August 18 2017
One runner shares her long history with ultrarunning and explains how the sport helped her heal from a major surgical mistake.
Running has been a part of my life since I was 12 years old. I ran track in junior high school and I have been in love with the sport ever since. It helped me mature as a person, while shaping my life in so many ways.
One of my favorite things about running has always been sharing my enthusiasm with others. This passion led me to start a children’s track and field club when I was living in Parker, Colo. I remembered how running helped me growing up, and I wanted to make sure young people in my area had the same opportunities. I worked as the head coach of the Parker Panthers for six years before passing the baton.
At that point, I wanted to take my goal of helping kids get fit to a larger platform. I threw all my energy into developing a nonprofit called Kids Running America (KRA). The organization was officially founded in 2007 with the mission of engaging young people in physical activity to perpetuate a healthy lifestyle.
Our group started small, with just 72 children, but over the past six years, we’ve been able to reach 8,400 in the state of Colorado and beyond. When children enroll in the program, they make a commitment to complete a full marathon (26.2 miles) by adding up short runs over the course of a few weeks. Reaching this goal helps them build self-esteem, while combating our country’s childhood obesity epidemic.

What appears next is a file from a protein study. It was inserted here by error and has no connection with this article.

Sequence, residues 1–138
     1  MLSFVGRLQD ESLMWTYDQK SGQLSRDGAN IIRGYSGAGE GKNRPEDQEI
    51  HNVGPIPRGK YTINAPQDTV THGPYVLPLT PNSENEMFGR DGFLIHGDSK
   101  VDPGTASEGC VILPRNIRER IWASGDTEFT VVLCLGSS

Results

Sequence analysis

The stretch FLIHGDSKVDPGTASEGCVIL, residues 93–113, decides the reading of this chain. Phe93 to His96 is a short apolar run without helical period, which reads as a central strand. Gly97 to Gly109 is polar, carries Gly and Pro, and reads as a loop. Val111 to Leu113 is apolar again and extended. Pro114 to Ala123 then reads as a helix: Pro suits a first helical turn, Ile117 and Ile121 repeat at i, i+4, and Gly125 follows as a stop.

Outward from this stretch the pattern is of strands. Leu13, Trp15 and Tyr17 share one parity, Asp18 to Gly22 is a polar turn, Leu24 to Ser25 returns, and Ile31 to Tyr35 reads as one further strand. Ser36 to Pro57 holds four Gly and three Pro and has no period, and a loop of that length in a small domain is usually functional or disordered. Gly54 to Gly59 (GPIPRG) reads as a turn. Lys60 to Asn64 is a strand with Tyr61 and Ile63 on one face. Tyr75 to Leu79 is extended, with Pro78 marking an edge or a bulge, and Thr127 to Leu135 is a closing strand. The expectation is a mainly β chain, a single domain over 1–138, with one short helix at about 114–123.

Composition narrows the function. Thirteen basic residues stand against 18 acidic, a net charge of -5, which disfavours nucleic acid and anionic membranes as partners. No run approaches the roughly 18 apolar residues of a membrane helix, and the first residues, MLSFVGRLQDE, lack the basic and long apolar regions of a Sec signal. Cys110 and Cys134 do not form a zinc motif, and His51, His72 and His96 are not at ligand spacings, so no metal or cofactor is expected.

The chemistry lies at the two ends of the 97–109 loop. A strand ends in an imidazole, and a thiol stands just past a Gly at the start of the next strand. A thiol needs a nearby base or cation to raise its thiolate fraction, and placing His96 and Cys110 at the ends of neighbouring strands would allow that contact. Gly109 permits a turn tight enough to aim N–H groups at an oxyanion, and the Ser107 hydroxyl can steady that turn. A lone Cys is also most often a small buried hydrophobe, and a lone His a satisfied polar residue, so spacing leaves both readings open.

To be the best director of KRA I can be, it’s crucial for me to continue to focus on my personal fitness goals. Last year, I completed four marathons and two ultras in seven months. My next adventure will take me to the Grand Canyon. I plan to run from rim to rim with a few of my girlfriends. We will run 21 miles the first day, camp out, and then run another 21 miles back the next day. It’s not a race; we just want to take in the scenery, enjoy our friendship and make the most of the experience. Running is a lifestyle for me—I hope that some of the children who experience KRA will feel the same way when they grow up.